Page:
EUGENE, Ore. — Each April during Autism Awareness Month, runners race to show support for those in the community diagnosed with autism. “Autism is really here in our community and there needs to be a lot of support and acceptance as well,” said Patricia Wigney, Bridgeway House Executive Director.
Around 300 people gathered at Alton Baker Park for the fundraiser 5K and 8K races. “Load up the kids and decided to come do a little 8K for a good cause,’ said Bill Manning, a local runner.
About half of the runners are students at the Bridgeway House and their family members. “These children effected with autism they’re absolutely brilliant. They need every chance that we can possibly give them to live a really full life because they’re very capable of it. With education and help, therapy,” said Wigney.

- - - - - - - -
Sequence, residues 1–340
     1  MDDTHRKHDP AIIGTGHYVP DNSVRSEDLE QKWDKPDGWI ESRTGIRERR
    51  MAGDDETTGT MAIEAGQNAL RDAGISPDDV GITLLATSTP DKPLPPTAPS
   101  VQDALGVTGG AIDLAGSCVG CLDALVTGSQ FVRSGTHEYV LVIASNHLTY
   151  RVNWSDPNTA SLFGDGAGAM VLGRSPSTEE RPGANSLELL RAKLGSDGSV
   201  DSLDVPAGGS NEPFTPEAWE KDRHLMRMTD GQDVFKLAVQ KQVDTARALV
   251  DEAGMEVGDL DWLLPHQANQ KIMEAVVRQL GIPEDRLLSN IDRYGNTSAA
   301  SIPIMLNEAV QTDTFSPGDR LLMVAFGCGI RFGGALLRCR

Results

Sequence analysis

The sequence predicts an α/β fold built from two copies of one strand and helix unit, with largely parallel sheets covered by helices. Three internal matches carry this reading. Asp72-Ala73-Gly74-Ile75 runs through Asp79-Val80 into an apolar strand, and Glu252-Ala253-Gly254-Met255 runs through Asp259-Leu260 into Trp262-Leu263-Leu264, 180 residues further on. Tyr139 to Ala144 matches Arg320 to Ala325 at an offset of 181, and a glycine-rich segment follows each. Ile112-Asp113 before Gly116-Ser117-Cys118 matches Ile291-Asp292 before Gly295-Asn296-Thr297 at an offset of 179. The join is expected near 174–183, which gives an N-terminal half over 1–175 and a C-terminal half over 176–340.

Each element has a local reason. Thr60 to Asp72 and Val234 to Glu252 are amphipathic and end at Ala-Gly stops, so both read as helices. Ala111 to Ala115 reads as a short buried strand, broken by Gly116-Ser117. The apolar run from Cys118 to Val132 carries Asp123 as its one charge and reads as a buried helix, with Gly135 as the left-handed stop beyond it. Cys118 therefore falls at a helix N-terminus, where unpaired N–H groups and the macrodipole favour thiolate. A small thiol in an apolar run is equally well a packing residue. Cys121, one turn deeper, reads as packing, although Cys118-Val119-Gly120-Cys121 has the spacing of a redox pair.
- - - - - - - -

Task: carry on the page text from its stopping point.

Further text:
This year, the Bridgeway House expanded to a second location in Springfield, but even with this added space and services, the school programs are full. “There’s a great need in this community to expand our services to offer more,” said Wigney.
Between the social groups and home therapy program, the Bridgeway House serves 300 families each week. It’s a number that’s grown in past years. The Center’s for Disease Control reports autism rates in children have risen 30% in a two-year span.
“So that means one out of 68 children are being diagnosed on the spectrum. That’s huge. That’s bigger than Polio epidemic, anything that we’ve known,” said Wigney.
Wigney said these new national numbers are staggering, which is why getting the word out and increasing awareness is needed now more than ever. “The services in Lane County are phenomenal. We’re so lucky to have all of the different agencies that provide services for different autism spectrum. But with those numbers we need more. It’s an epidemic, it’s a crisis,” said Wigney.